The search for volcanoes is a long-running thread in the exploration of Venus. “Volcanoes are a key part of a climate system,” says Fred Taylor, a Venus Express Interdisciplinary Scientist from Oxford University. That’s because they release gases such as sulphur dioxide into the planet’s atmosphere.
On Earth, sulphur compounds do not stay in the atmosphere for long. Instead, they react with the surface of the planet. The same is thought to be true at Venus, although the reactions are much slower, with a time scale of 20 million years.Some scientists have argued that the large proportion of sulphur dioxide found by previous space missions at Venus is the ‘smoking gun’ of recent volcanic eruptions. However, others maintain that the eruptions could have happened around 10 million years ago and that the sulphur dioxide remains in the atmosphere because it takes such a long time to react with the surface rocks.
The SPICAV (Spectroscopy for Investigation of Characteristics of the Atmosphere of Venus) instrument analyses the way starlight or sunlight is absorbed by Venus’s atmosphere. The absorbed light tells scientists the identity of the atoms and molecules found in the planet’s atmosphere. This technique works only in the more tenuous upper atmosphere, above the clouds at an altitude of 70–90 km. In the space of a few days, the quantity of sulphur dioxide in the upper atmosphere dropped by two-thirds.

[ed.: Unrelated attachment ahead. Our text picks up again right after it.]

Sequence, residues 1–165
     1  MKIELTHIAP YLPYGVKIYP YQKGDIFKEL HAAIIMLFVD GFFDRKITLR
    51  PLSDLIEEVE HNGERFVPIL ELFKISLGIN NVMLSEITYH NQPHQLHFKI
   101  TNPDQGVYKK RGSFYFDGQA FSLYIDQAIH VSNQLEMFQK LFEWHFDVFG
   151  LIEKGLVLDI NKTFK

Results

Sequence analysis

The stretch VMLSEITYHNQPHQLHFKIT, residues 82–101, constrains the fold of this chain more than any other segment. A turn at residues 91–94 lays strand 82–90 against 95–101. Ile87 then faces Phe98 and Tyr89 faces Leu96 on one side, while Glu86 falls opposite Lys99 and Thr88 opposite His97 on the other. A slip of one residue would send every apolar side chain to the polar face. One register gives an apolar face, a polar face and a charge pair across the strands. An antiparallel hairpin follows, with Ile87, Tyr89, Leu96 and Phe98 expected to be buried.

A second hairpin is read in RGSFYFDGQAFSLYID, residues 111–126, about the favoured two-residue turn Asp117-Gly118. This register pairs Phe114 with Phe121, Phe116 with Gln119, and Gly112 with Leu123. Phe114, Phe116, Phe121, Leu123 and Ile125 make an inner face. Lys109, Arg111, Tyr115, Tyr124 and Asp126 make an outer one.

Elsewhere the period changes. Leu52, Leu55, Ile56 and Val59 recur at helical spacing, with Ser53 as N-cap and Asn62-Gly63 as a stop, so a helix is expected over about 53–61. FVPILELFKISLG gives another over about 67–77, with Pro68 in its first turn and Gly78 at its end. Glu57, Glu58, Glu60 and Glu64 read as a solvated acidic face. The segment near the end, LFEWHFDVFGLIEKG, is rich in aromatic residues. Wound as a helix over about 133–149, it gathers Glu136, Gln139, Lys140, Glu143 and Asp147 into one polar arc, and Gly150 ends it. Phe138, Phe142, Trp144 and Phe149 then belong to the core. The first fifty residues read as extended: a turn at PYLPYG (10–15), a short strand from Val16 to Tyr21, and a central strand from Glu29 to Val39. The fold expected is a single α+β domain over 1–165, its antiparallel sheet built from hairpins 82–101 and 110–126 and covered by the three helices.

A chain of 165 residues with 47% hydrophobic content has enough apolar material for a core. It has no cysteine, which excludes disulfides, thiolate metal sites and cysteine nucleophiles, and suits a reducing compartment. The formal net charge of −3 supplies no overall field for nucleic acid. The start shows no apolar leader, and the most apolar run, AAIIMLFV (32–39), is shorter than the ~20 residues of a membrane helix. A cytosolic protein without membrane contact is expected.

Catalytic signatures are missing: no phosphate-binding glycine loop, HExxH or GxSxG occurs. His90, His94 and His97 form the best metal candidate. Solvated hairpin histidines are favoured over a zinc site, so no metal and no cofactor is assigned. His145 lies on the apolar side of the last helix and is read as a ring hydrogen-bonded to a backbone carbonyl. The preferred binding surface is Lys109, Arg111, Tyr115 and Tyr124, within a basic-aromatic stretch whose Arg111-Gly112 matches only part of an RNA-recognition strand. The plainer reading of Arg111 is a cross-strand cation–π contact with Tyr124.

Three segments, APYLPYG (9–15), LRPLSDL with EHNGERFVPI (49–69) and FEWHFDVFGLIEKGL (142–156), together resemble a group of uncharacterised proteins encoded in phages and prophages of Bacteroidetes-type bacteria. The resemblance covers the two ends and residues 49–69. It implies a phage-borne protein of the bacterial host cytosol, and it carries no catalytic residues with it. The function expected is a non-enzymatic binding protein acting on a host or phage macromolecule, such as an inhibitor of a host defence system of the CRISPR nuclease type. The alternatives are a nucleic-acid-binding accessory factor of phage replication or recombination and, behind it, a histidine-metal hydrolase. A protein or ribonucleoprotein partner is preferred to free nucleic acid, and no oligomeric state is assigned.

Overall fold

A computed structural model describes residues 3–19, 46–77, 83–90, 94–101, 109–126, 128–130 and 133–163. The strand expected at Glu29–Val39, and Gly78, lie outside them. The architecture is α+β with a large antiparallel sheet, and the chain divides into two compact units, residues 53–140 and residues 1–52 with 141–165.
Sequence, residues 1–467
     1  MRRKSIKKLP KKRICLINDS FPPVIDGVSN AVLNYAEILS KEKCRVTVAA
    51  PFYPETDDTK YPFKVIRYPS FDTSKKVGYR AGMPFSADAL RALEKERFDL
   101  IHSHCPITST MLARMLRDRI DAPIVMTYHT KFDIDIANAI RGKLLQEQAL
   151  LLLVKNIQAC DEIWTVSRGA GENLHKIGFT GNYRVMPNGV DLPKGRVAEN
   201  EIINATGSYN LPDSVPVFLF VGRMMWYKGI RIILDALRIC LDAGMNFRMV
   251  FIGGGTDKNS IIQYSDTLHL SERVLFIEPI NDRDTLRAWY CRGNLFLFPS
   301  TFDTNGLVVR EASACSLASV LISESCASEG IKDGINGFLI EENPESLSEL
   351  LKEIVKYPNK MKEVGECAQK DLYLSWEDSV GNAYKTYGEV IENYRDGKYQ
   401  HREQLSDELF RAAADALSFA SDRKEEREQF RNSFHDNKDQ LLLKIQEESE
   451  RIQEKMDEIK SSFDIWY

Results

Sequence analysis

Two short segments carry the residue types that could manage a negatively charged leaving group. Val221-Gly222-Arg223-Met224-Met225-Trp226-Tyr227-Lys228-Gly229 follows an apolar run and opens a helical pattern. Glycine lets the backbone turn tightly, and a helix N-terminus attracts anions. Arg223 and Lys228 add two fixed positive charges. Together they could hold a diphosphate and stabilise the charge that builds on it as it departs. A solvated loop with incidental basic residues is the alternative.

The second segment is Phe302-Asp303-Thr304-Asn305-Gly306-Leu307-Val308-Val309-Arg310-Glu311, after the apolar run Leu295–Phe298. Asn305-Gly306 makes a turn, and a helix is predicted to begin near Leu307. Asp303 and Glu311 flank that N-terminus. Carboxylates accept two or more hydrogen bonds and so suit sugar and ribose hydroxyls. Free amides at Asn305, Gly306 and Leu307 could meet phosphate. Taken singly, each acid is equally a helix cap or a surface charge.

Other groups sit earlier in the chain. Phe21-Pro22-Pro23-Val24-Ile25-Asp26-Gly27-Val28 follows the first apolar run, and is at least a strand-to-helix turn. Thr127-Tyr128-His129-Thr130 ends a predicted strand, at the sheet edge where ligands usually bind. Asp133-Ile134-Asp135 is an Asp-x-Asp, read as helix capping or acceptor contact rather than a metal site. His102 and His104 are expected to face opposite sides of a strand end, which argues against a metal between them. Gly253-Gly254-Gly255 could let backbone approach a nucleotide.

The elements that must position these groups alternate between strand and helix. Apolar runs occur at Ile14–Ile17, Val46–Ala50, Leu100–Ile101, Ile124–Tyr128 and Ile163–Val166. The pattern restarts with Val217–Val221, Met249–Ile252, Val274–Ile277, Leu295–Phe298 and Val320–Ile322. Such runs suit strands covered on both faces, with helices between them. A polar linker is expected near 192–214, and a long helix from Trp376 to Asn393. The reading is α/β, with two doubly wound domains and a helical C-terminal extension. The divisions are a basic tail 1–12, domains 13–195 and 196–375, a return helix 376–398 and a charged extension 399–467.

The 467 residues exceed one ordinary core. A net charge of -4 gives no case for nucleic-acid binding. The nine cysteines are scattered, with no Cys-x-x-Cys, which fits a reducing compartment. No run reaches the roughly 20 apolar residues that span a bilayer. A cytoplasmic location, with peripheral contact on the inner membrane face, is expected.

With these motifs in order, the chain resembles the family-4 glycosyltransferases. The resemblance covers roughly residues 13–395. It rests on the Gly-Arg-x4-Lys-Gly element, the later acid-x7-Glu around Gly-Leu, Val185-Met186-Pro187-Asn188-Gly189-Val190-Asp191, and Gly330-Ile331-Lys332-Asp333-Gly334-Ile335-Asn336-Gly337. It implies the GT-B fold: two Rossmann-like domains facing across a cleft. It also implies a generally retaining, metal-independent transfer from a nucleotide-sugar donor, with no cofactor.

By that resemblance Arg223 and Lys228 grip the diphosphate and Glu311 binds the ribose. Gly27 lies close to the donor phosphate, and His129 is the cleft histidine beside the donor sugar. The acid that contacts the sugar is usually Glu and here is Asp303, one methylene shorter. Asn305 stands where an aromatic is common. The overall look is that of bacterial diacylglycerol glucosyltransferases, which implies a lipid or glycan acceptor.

Jean-Loup Bertaux, Service d’Aeronomie du CNRS, Verrières-le-Buisson, is the Principal Investigator for SPICAV. “I am very sceptical about the volcanic hypothesis,” he says. “However, I must admit that we don’t understand yet why there is so much sulphur dioxide at high altitudes, where it should be destroyed rapidly by solar light, and why it is varying so wildly.”Another instrument on Venus Express, VIRTIS (Visible and Infrared Thermal Imaging Spectrometer), can see below the clouds at infrared wavelengths. It detects the signature of sulphur dioxide by the amount of infrared radiation that the molecule absorbs, the stronger the signature, the more abundant the molecule.
The only way to be absolutely certain that active volcanism is taking place on Venus is to see a volcano in action. This is not easy when you are trying to look through 100 km of thick, cloudy atmosphere. But the Venus Express team are working on two ways of doing this. The first is to look for localised increases in sulphur dioxide that would indicate a large plume of the gas issuing from a volcano. The other way is to look for hot spots on the surface that can be shown to be fresh lava flows.In both cases, the instrument to use is VIRTIS. “No thermal anomaly has been detected so far,” says Pierre Drossart, Observatoire de Paris, France, and co-Principal Investigator on VIRTIS. Nevertheless, the search continues and the team plan to announce their findings soon.
Håkan Svedhem | EurekAlert!
Moon's crust underwent resurfacing after forming from magma ocean
22.11.2017 | University of Texas at Austin
NASA's James Webb Space Telescope completes final cryogenic testing
21.11.2017 | NASA/Goddard Space Flight Center